24 Aug 2020 19:49 IST

We need to ensure that the marginalised get social justice: SC Judge

At the IIMB e-talk, Justice Madan B Lokur said that the pandemic exposed many social inequalities

In the inaugural address at the 15th International Conference on Public Policy and Management, hosted by IIM Bangalore’s Centre for Public Policy, Justice Madan B Lokur, former Judge of the Supreme Court of India, said: “We are still struggling with ensuring social justice to all. The pandemic, the huge migration of workers, unemployment and the financial crunch has shown this up starkly.”

 

 

 

“While it is hard to define social justice, I believe it means equal treatment for everybody in all walks of life and in all spheres of life. For instance, freedom of speech, freedom of movement, freedom to assemble peaceably without arms, equal opportunity for employment, freedom of profession, should be available to all — irrespective of caste, community, religion, gender, and so on” Justice Lokur explained.

Justice Lokur addressed four kinds of instances dealt with by SC in his talk:

Where laws exist but aren’t implemented in letter or spirit — child abuse, manual scavenging, environmental pollution, and so on.

Where there is a delay in enacting the existing laws — sexual harassment of women at the workplace that resulted in the 1998 Vishaka guidelines, but the law was enacted only 2013, 15 years after the SC’s order, and the same with abortion limit increased from 20 to 24 weeks, the concern of human trafficking, and so on.

Where there is no law but there is a need to make a law — widows of Vrindavan, prison reforms where discussions have been going on since the 1980s, rights of those in the unorganised sector, tea estate workers, and so on

Where the Supreme Court has creatively interpreted the Constitution of India and has given meaning to certain aspects of social justice — laws against discrimination of the LGBT community, prevention of child marriage, and so on.

Access to justice

“Over the years, from 1950 onwards, we have come to accept a larger number of communities/ groups which are disadvantaged. This recognition came to the courts in the early 1980s when a petition was filed in the Supreme Court on bonded labour in mines,” he said, drawing attention to the fact that the Supreme Court took it up and issued a judgement that freed almost 30,000 people. “However, bonded labour still exists, exploitation of women and children still exists — what are we doing about all this and what social justice are we talking about?”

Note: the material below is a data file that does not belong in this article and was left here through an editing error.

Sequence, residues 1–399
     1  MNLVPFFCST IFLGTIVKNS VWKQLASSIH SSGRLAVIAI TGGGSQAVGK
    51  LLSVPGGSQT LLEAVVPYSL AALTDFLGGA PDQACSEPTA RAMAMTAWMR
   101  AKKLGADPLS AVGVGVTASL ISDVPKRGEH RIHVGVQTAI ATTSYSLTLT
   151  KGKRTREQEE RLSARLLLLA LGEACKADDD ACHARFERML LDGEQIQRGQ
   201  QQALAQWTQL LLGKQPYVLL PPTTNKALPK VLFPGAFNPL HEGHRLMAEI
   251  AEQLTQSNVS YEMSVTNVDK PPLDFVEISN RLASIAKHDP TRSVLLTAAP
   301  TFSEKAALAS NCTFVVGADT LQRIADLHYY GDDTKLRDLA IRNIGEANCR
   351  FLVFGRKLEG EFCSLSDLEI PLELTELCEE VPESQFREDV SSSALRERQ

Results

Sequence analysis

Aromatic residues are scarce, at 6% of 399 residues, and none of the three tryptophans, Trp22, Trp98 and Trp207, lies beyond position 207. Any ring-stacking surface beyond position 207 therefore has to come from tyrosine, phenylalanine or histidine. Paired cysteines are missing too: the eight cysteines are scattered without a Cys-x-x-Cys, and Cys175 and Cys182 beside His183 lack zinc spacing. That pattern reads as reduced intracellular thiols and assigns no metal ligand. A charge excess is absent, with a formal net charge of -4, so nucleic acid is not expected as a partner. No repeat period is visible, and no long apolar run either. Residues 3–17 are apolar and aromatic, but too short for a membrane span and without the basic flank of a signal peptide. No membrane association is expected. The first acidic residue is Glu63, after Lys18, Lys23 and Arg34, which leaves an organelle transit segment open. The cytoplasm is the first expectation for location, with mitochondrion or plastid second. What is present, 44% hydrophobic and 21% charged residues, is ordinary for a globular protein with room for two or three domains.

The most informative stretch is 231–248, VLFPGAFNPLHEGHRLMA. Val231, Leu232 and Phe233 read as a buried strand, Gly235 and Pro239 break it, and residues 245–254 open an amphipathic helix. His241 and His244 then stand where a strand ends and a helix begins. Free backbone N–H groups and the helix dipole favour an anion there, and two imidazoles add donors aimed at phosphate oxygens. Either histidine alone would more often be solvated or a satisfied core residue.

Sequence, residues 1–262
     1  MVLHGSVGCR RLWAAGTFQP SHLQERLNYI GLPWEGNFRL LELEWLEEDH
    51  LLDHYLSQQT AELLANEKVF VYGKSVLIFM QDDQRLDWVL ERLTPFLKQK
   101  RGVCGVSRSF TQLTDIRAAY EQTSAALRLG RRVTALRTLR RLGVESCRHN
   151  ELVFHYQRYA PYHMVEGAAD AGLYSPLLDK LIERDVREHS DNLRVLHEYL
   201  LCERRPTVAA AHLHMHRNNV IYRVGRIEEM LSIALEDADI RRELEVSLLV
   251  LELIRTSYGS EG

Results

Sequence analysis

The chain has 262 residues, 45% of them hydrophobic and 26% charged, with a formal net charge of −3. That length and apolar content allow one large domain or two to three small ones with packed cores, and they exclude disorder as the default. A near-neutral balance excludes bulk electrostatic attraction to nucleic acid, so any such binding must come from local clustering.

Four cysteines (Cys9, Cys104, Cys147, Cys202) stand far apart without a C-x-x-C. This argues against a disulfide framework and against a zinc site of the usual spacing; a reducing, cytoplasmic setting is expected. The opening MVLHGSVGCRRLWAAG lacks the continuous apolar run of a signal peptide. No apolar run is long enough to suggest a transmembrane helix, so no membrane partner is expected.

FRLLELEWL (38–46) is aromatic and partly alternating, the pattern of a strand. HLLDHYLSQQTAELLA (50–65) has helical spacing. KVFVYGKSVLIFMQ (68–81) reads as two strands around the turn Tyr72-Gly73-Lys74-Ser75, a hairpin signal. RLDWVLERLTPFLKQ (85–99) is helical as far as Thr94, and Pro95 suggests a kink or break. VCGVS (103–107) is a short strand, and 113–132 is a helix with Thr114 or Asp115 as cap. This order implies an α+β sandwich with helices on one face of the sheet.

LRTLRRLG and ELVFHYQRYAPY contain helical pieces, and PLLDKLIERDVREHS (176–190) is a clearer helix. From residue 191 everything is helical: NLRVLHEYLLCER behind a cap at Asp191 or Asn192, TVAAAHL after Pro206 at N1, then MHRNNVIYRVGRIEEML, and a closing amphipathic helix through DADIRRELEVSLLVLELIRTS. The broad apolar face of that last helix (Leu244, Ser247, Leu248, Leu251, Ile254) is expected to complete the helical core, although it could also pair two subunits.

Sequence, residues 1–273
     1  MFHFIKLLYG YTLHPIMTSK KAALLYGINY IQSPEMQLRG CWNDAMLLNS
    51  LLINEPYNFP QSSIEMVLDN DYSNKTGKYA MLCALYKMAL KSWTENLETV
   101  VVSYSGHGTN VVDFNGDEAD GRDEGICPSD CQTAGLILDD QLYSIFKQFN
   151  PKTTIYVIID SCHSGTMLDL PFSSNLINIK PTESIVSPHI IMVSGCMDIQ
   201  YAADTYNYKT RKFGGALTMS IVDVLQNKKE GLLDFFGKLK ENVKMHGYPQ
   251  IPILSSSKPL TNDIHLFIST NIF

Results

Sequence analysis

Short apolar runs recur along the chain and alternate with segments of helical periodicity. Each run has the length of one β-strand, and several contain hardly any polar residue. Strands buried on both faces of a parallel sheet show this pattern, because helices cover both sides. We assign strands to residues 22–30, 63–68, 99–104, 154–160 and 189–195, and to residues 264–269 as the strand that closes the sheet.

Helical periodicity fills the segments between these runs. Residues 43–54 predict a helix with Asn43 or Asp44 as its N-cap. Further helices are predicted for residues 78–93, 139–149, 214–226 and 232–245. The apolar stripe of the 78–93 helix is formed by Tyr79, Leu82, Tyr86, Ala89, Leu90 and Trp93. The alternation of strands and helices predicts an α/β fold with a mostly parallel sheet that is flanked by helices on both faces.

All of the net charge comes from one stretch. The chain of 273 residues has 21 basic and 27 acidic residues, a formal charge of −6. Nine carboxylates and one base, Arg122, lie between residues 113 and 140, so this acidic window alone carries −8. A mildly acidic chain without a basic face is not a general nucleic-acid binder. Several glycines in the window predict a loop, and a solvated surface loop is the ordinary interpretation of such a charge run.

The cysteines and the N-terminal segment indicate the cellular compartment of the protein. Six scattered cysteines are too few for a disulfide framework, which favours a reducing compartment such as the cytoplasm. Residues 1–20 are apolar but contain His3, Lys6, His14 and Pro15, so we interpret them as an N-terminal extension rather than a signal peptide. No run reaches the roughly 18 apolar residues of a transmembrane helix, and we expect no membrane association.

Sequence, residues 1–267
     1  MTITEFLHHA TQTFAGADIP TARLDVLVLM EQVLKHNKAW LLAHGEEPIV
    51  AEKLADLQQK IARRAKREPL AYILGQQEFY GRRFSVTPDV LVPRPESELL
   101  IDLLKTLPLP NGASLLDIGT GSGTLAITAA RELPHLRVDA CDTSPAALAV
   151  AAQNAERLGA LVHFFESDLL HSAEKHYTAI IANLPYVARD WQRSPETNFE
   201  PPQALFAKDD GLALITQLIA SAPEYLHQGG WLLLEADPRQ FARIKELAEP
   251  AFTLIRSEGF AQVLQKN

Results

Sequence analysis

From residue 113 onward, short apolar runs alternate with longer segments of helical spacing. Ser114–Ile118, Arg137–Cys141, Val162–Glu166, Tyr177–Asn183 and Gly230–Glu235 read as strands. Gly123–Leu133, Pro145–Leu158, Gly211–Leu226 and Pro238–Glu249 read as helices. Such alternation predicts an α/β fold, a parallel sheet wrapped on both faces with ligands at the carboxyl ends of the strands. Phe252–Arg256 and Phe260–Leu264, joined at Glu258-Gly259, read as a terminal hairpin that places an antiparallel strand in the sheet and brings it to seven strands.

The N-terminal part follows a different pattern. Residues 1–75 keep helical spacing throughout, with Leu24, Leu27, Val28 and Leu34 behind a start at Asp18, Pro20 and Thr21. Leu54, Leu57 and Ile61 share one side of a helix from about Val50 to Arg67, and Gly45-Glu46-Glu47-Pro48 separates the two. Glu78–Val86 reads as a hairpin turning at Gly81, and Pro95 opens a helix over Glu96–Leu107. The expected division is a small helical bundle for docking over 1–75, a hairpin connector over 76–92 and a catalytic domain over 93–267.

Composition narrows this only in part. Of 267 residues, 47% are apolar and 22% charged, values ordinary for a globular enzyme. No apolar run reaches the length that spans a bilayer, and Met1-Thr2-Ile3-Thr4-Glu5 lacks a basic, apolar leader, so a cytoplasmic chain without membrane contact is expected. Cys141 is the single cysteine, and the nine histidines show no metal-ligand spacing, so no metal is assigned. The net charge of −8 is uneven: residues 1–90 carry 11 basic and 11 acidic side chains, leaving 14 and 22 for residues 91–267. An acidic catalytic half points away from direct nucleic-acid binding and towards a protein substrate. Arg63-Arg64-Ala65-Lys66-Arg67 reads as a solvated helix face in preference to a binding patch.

Observing that access to justice is not easy, Justice Lokur referred to the Bhagalpur incident where suspected criminals were blinded by the police and spoke of how the Supreme Court gave the right to access justice, where public could send petitions on post cards, that gave an opening to large sections of society to approach the courts and raise issues of social justice.

Courts cannot keep silent

Listing several instances where the Supreme Court intervened to ensure social justice to marginalised and depressed sections of society, he placed special emphasis on the need to ensure social justice for children and protect them against sexual abuse and other forms of abuse and exploitation.

He stressed on the importants of courts and how they cannot remain silent when laws are not being implemented. “It is our constitutional obligation to ensure social justice for all. Courts cannot forget the theory of checks and balances. The Executive cannot call this overreach of the courts. If the Executive does its job, nobody will come to the courts,” he argued.

Justice Lokur hoped that the concerns of the vast majority of the Indian population would be included in public policy. He also expressed his happiness t that research institutions like IIM Bangalore engaging actively with the public policy issues, including judicial reforms and process re-engineering to address current challenges.

Earlier in the day, Prof Rishikesha T Krishnan, Director, IIM Bangalore, and Prof Anil B Suraj, Chairperson, Post Graduate Programme in Public Policy & Management, delivered the welcome address and introduced the chief guest, respectively. Prof M S Sriram, Chairperson, Centre for Public Policy at IIMB, thanked Justice Lokur and set the context for the three-day conference.

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